U.S. Banks Weakened in First Quarter

The financial strength of the nation's banks deteriorated in the first quarter amid declining credit quality and low capital levels.

Among 8,260 banks and savings-and-loan institutions, 26% received "weak" financial-strength grades of D-plus or lower from TheStreet.com Ratings, based on first-quarter data. That amounts to 2,125 companies, up from 1,835 in the previous quarter and 1,717 a year earlier.

The banking industry's combined profit dropped to $7.6 billion in the first quarter from $19.3 billion a year earlier as companies like Bank of America ( BAC) and Citigroup ( C) struggled to regain their footing. While it was an improvement from the industry's $32 billion net loss in the fourth quarter, banks and thrifts continued to wrestle with nonperforming loans and rising charge-off rates. Twenty-one banks failed during the first quarter, the most in any quarter since 1992.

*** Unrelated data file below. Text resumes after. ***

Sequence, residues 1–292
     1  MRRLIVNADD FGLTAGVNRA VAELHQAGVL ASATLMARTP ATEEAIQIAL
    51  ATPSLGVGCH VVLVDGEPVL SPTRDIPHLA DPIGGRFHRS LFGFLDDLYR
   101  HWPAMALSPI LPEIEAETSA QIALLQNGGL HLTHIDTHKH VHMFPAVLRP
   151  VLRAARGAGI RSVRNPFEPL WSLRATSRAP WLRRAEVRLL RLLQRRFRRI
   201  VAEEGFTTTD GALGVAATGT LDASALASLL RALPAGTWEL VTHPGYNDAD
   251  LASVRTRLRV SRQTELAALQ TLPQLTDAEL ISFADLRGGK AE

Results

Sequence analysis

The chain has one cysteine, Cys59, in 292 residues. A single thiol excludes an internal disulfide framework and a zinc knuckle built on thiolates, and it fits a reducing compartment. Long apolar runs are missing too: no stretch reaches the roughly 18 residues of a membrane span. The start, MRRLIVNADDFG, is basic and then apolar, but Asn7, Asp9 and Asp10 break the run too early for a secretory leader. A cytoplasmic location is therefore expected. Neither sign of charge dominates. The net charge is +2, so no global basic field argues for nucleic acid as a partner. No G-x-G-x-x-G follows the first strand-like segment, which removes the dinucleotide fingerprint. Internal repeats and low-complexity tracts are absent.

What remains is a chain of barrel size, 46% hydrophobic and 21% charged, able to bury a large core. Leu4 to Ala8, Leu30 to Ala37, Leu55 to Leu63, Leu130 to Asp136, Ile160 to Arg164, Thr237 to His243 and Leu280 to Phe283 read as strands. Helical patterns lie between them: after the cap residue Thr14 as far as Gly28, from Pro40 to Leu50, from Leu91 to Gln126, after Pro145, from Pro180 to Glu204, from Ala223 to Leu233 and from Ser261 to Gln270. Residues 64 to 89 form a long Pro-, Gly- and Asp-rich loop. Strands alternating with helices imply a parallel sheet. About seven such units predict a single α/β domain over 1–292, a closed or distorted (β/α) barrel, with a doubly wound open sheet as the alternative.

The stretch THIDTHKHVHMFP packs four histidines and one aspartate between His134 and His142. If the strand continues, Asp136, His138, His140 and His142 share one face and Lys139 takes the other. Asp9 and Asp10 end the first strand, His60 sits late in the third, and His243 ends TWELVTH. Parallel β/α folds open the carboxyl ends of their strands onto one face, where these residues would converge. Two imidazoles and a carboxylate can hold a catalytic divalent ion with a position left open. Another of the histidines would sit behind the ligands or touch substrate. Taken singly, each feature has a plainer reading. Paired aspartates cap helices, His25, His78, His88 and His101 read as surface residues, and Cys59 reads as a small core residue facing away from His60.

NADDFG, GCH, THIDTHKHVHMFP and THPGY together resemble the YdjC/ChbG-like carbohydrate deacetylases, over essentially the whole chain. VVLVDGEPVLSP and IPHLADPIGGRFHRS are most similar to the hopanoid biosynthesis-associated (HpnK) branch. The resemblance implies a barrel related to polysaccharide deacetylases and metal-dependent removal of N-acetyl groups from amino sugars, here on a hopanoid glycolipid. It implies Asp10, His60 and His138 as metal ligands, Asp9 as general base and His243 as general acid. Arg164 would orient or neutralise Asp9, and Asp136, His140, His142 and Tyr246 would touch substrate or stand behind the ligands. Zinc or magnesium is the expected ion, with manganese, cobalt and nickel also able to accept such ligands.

TheStreet.com Ratings assigned "good" ratings of B-plus or above to 1,175 of the reporting institutions, or 14%. That's a decrease from 1,388 in the previous quarter and 1,561 a year earlier. We rated 32 banks or thrifts A-plus, or "excellent, down from 37 in the previous quarter.

Problem institutions and failures

The Federal Deposit Insurance Corp.'s list of "problem institutions" increased to 305 in the first quarter from 252 at the end of 2008, according to its Quarterly Banking Profile.

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